Afghanistan flag Afghanistan: Business Environment

Business law in Afghanistan

Legal Framework

Independence of Justice
Article 116 of the Constitution of Islamic Republic of Afghanistan guarantees independence of justice. However, the judicial system is still recovering from the civil war and the Taliban rule.
Equal Treatment of Nationals and Foreigners
Kidnappings, hostage takings and suicide bombings can target foreigners and the judicial system has not recovered enough to provide full protection or impartial treatment.
The Language of Justice
Pashto and Dari are the official languages of the state and the legal system. In areas where the majority of the people speak in any one of Uzbeki, Turkmani, Pachaie, Nuristani, Baluchi or Pamiri languages, any of the aforementioned language, in addition to Pashto and Dari, is also considered an official language.
Recourse to an Interpreter
It is possible and recommended to have an interpreter in Afghanistan.
Sources of the Law and Legal Similarities
Afghan law is a combination of Islamic law (sharia), state legislation and local customary law. The Constitution entered into force in 2004 in the aftermath of Taliban rule. According to this Constitution, Afghanistan is an independent, unitary, and indivisible Islamic republican state and no law may be repugnant to the beliefs and ordinances of Islam. The Civil Code is a codification of the Hanafi school of law, with inclusion of some provisions of the Maliki school of law. The Interim Criminal Procedure Code was prepared by the Italian Justice Project Office. The Commercial Code is based on the Turkish Commercial Code. Afghanistan has also ratified many international agreements, including CEDAW, CAT, CRC, CERD, CESCR and the ICCPR.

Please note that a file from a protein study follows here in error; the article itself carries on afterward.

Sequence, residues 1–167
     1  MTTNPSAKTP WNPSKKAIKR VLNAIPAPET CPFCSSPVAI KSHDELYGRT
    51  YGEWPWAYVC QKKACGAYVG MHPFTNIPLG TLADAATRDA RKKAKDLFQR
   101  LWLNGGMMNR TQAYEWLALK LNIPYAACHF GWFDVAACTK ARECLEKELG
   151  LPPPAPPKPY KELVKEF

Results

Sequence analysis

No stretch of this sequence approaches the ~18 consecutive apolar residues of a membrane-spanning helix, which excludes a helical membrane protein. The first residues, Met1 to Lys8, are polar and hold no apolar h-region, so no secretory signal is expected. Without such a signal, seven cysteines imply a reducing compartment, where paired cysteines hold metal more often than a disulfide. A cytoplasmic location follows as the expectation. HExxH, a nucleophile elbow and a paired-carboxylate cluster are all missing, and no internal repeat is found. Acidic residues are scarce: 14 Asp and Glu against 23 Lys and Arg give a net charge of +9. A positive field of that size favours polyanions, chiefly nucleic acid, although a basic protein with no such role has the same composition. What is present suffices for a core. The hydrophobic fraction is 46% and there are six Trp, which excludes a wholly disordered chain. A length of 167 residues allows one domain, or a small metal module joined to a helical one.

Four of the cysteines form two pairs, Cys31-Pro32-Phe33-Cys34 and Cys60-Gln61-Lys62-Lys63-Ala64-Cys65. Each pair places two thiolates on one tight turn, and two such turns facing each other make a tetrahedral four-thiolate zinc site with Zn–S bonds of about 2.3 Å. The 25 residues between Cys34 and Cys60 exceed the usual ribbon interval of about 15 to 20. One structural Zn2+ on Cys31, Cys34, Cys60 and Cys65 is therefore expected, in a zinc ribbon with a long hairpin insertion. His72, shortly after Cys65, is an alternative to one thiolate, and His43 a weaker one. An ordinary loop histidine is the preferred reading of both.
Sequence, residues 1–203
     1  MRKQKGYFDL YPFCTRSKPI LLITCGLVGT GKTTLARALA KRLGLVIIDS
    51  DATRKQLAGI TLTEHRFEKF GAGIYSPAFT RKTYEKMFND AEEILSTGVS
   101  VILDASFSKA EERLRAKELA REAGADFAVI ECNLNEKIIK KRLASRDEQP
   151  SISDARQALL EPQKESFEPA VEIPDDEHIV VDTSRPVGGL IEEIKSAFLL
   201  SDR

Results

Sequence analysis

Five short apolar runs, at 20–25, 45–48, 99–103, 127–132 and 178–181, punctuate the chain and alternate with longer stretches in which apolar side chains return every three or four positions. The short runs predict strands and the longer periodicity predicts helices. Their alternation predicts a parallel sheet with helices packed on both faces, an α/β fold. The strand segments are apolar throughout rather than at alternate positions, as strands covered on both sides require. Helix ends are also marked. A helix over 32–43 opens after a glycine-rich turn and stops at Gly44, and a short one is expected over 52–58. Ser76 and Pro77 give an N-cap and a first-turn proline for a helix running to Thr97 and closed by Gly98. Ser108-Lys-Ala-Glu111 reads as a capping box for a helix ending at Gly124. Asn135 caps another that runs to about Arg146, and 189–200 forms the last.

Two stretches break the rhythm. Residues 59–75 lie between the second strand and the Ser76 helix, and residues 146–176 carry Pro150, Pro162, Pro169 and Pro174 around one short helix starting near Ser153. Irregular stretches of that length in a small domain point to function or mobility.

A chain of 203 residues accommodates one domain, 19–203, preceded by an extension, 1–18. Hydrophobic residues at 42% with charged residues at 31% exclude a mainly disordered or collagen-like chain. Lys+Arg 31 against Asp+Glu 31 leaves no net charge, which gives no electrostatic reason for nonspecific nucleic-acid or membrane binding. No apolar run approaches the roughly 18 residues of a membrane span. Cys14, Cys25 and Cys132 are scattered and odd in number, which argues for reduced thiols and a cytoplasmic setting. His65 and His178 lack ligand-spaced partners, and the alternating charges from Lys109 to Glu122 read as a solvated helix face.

Checking National Laws Online
Supreme Court of Afghanistan

Return to top

Any Comment About This Content? Report It to Us.


© eexpand, All Rights Reserved.
Latest Update: April 2024